Because I was spinning out about the reality of what was happening, I wasn’t thinking much about the disconnect that I had come to expect with Wang Yin. After all, wasn’t I her future cousin-in-law? My queerness was getting more and more invisible with every tick of the matrimonial clock, no matter how much we both preferred men’s jeans or had similar taste in sneakers.
I wondered briefly if my friend Cheryl’s presence might have been a clue to Wang Yin. Cheryl is six feet tall and has short cropped hair, broad shoulders, and, like me, she was socialized in the same queer community that I was. Meaning: we don’t express femininity in a stereotypical way. We were brought up in our twenties with a different gender standard, so what can I say? She’s one of my peeps.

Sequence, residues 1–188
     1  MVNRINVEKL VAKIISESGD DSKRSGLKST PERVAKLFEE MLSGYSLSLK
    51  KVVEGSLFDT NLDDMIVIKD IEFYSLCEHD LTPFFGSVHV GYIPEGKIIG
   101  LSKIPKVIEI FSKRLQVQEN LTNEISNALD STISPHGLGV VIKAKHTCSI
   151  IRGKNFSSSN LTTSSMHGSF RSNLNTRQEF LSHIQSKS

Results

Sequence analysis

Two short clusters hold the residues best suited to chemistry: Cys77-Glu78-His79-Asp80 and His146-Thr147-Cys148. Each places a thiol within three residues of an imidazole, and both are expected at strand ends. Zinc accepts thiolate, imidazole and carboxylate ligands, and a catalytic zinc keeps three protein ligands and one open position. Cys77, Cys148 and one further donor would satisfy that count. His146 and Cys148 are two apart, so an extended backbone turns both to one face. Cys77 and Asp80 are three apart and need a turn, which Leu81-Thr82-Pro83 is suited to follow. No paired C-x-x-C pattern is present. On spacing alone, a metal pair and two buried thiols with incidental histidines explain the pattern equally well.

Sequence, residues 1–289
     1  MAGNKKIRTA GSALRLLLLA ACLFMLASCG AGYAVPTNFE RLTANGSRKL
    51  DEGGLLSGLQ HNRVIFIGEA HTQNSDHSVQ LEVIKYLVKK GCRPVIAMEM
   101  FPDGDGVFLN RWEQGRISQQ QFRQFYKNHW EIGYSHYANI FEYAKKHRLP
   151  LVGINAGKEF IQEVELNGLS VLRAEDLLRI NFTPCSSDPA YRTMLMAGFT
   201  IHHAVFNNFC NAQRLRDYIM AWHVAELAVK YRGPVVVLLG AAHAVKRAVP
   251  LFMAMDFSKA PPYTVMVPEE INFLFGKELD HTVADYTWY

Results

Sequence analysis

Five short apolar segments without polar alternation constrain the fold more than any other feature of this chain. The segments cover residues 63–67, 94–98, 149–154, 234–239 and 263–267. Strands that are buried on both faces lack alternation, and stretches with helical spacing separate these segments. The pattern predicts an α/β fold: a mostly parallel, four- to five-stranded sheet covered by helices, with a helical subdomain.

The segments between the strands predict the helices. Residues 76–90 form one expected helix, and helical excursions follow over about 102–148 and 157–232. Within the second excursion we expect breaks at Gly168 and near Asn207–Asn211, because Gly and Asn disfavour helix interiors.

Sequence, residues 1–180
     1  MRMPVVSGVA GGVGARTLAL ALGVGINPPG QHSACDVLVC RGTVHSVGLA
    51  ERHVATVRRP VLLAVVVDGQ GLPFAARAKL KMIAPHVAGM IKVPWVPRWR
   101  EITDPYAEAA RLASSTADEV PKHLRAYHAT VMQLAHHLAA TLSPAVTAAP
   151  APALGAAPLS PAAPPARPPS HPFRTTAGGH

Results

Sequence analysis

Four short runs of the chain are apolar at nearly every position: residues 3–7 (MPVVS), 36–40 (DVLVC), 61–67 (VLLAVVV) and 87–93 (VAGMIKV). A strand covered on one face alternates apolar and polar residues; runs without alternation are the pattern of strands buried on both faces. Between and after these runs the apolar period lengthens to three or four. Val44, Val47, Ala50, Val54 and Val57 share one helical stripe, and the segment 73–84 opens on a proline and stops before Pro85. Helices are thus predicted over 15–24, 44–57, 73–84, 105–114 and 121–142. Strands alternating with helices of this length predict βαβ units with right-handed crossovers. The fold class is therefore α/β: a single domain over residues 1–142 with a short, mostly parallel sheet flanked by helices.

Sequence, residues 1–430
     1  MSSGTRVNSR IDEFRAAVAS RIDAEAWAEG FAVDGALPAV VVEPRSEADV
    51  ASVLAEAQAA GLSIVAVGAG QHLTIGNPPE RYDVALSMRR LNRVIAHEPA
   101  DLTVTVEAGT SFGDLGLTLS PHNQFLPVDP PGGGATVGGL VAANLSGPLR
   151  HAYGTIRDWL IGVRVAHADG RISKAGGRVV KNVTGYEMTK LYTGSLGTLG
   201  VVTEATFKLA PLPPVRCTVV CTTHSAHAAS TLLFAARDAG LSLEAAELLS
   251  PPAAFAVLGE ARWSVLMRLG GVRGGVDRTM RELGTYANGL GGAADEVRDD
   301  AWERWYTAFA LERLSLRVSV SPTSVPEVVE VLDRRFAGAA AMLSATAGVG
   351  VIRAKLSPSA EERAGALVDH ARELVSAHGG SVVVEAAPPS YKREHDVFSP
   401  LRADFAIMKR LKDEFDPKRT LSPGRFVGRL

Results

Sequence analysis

Halfway through the meal, Guo Jian and I left the busy table for a much-needed respite to use the facilities. Cheryl was just coming back from the bathrooms and complained with a laugh in the hallway that she had just been ushered into the men’s room by a confused employee. It wouldn’t be the first time that would happen to her in China. I translated for Guo Jian and we chuckled at her impersonation of the shocked employee shaking a mop at her only to realize that she had breasts. The employee then bolted the other way, embarrassed.
As Cheryl returned to the dining area and we continued on to the bathrooms, I said to him then that I hoped Cheryl’s presence might clue Wang Yin into the fact that her cousin-in-law-to-be is also part of her queer family.